I remember the Captain, Billy and I running and hiding from the ranger at Glenrock.  We were hiding under a fallen tree and Billy kept putting his head up and giving away the location.  Crazy dog!

I remember how he would raise his head up, even though he kept snoring, everytime we moved around him on the boat.  He hated to miss out on anything.

I remember watching Billy, Charlotte and the captain zooming around the bay, in the dinghy - Billys head in the wind, loving it - like the car but better

I remember that it is better to have loved and lost, than never to have loved him at all.  We miss him heaps. 

We have now journed up till Harvey Bay....But that trip is a whole new post tomorrow


PS This photo is of the first mate chilling out in his preferred method on the boat.  Notice how much room he use to leave the second mate?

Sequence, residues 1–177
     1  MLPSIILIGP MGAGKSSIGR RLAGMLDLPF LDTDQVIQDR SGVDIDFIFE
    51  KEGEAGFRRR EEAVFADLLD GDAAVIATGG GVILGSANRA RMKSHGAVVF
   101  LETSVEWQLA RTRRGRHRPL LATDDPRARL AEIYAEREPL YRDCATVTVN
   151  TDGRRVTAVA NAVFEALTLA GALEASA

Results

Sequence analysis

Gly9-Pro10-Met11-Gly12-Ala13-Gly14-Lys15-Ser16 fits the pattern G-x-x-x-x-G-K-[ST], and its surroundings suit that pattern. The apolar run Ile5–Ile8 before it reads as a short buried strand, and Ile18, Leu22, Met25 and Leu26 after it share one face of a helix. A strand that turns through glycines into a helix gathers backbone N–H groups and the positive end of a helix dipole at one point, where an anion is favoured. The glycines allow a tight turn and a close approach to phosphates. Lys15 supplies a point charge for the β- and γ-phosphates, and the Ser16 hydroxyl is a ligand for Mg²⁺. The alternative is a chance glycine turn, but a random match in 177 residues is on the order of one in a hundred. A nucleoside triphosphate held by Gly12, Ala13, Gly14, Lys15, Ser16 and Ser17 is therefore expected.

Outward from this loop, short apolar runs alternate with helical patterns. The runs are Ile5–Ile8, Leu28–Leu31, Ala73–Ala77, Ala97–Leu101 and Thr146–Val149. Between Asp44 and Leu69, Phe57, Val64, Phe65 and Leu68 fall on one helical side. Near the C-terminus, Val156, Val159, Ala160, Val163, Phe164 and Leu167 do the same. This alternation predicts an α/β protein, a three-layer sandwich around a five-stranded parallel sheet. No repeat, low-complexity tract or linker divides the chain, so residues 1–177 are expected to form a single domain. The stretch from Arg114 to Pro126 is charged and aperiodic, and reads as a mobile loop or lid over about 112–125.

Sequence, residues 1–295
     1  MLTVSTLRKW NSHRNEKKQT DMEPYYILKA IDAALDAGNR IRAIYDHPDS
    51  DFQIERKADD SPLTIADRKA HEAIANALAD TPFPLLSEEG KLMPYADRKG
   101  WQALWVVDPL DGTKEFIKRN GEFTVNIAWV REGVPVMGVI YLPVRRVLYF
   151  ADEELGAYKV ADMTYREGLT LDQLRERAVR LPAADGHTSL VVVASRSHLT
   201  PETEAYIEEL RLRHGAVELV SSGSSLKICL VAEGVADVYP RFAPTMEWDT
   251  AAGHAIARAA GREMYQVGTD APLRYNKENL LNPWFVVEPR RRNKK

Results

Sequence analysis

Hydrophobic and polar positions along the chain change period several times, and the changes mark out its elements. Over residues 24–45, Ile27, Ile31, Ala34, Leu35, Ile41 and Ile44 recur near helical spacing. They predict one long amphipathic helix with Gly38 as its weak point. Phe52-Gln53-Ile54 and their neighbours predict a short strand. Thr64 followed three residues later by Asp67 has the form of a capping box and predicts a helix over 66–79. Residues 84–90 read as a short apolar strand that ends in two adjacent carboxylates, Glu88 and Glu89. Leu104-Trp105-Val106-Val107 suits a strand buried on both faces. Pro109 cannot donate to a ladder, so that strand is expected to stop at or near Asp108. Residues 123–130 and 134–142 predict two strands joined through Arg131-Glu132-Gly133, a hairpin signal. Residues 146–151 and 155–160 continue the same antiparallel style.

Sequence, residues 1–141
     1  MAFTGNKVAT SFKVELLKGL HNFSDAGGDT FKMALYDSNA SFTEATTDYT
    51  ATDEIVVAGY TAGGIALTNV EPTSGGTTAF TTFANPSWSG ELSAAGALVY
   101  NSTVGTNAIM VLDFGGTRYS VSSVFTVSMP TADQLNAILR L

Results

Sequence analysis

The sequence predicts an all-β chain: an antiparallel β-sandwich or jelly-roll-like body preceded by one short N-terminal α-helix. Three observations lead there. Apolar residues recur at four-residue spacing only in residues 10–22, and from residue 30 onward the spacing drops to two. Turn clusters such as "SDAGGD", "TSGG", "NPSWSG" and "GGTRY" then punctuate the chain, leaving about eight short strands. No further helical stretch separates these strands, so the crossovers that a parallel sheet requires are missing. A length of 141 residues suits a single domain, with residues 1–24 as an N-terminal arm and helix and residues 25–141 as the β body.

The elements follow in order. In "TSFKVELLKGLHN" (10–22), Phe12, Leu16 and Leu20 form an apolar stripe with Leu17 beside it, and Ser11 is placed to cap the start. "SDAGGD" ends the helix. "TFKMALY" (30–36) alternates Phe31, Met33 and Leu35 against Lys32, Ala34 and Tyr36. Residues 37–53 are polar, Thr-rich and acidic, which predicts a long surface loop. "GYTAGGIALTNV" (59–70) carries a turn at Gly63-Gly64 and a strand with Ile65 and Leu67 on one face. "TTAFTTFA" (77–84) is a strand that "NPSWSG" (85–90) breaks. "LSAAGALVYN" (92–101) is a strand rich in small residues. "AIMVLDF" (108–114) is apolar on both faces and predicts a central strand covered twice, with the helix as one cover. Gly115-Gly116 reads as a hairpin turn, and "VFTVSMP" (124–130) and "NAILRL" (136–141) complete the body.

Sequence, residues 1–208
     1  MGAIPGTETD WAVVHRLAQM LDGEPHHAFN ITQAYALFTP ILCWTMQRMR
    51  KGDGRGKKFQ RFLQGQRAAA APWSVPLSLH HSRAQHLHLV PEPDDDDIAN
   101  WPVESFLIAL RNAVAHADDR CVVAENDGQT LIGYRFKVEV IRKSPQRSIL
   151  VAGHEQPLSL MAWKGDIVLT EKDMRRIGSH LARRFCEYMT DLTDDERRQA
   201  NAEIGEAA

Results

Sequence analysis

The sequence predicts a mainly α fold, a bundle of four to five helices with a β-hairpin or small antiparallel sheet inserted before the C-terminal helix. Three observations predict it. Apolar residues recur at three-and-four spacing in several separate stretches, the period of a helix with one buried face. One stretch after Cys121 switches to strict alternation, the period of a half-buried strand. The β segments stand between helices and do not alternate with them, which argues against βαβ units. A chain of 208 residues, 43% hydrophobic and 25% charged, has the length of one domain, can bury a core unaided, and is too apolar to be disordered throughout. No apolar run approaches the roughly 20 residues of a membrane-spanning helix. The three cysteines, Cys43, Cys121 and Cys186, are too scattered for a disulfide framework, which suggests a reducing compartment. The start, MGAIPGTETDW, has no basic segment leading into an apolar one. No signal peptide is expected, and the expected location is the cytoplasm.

Soooo Busy!

Well life is moving along here.
There has been a little of this

A little of that....(for the record these are the captains wholemeal and not his dark beer scones)
Many walks in the rain with the pups, time spent chatting to strangers in the laundry, time spent chatting to strangers in the toilets/showers, reading and snoozing (not just first and second mate doing the snoozing here either)

Then the sun came out and the wind died to 10-15 knots which prompted an overnighter to the sunny Gold Coast where there is sooo many boats. Then 'that' decision to take the backway to Moreton Bay through the canals and waterways - well because it 'could be interesting' and that it was.

We got stuck high and dry once when we ran out of water depth - a passing stink boat was kind enough to pull us off. We literally missed the edge of the channel and deeper water by 3 feet. We did however make it to our overnight stay at Jacobs Well under our own steam, then we watched the water beneath the keel go down, way down!

All good though and the next day (with a bit of stressing and good navigating by Me - the captain is laughing at this the stressing was all mine he tells me!) we made it out to Moreton Bay - Peel Island. We have spent a lovely night here and will head off to Tangalooma maybe tomorrow whether and Billy dependant.